In cases of minor injuries like insect bites or superficial skin scratches, individuals with underlying conditions such as diabetes, liver disease, and kidney disease, can be at risk of severe infection, organ failure, and even death if issues are not treated promptly.
An insect bite almost leads to the amputation of a limb
During a visit to his hometown in Ben Tre in June 2023, 54-year-old Mr P.N.N., an overseas Vietnamese with a history of diabetes, was bitten by an insect on his left ankle. The bite initially didn’t seem serious; however, during a rainy outing, the wound came into contact with floodwater, resulting in swelling and inflammation.
Within four days, the swelling spread from his left ankle to the calf, then up to the knee, and eventually reached his left thigh and groin area. Mr N. was urgently admitted to FV Hospital for treatment.
Doctors conduct antibiotic susceptibility testing to identify the bacteria present.
“When the patient arrived at the hospital, he showed signs of shock, including rapid pulse, low blood pressure, and rapid breathing, so he was immediately transferred to the Intensive Care Unit (ICU). Simultaneously, information about the case was rapidly relayed to specialist departments, including the Infectious Diseases Department and Bone and Joint Centre, for accurate, timely intervention,” said Duong Bich Thuy, MD, PhD, an Infectious Diseases specialist.
“Upon reviewing the patient’s condition, I suspected it was a case of toxic shock and proposed the use of toxin-covering antibiotics.”
One day after hospital admission, the Laboratory & Blood Bank Department reported that Mr N.’s wound culture showed two types of bacteria: Streptococcus pyogenes and Stenotrophomonas maltophilia. Of the two, Streptococcus pyogenes is a dangerous bacterium capable of releasing toxins into the blood, causing toxic shock, which had been initially recognised by FV doctors.
Dr Thuy explained that this is dangerous and life-threatening condition and has a high mortality rate of up to 70 per cent. In Mr N.’s case, toxic shock syndrome had led to necrotising fasciitis in his left calf, and kidney failure. Without prompt diagnosis and treatment, Mr N. might have faced limb amputation as the last resort to save his life. According to global medical literature, necrotising fasciitis of the lower limb is the most common cause of limb loss.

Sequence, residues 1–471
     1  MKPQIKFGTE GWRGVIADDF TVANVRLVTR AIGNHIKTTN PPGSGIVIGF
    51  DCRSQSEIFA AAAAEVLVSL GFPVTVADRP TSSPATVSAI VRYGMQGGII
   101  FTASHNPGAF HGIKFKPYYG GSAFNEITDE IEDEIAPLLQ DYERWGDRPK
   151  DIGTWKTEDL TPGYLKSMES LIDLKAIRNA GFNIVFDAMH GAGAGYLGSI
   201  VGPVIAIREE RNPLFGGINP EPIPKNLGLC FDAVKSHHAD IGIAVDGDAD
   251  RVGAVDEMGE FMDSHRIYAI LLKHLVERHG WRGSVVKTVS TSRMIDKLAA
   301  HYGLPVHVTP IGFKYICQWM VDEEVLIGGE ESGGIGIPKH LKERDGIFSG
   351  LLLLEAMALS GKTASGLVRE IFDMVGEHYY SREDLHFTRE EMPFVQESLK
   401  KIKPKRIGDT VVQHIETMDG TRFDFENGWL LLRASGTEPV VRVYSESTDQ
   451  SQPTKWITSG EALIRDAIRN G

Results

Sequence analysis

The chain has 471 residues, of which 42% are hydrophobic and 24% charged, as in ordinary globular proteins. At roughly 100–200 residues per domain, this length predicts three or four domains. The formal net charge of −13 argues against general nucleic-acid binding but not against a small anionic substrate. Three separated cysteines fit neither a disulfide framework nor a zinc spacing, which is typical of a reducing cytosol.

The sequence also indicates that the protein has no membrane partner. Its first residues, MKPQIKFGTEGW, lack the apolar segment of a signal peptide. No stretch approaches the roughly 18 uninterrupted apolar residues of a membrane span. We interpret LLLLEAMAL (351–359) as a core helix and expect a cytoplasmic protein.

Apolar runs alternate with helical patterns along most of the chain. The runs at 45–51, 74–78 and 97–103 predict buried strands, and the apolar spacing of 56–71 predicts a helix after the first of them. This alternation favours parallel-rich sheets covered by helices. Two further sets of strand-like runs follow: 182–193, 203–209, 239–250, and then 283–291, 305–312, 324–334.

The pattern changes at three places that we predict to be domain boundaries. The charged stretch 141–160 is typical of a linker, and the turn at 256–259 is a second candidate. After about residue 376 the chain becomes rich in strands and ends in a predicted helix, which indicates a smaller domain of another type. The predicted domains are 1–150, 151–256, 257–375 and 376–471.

A multidisciplinary consultation involving surgeons, anaesthesiologists, and infectious disease specialists was quickly convened, and they unanimously decided to perform surgical debridement of the necrotic tissue in the left leg. Simultaneously, appropriate antibiotics were administered, which both targeted the bacteria and neutralised the toxins released by them. The patient also received aggressive intensive care treatment in the hope of preserving his life and minimising the risk of limb loss.”
Mr N. had to undergo three surgeries so that doctors could cut away the necrotic tissue while conserving healthy tissue.
Dr Truong Hoang Vinh Khiem, Specialist Level I, Bone & Joint Centre, along with the surgical team, promptly operated. Mr N. received three surgeries to debride the necrotic tissue in his leg, each conducted meticulously and with great care to maximise tissue preservation while removing all necrotic tissue.
After three weeks of infection treatment and intensive postoperative care, the wound had healed properly, and Mr N. was discharged. A follow-up examination on July 13th showed that his health was stable, and he was able to return to the United States.
Patients with underlying conditions should not underestimate minor injuries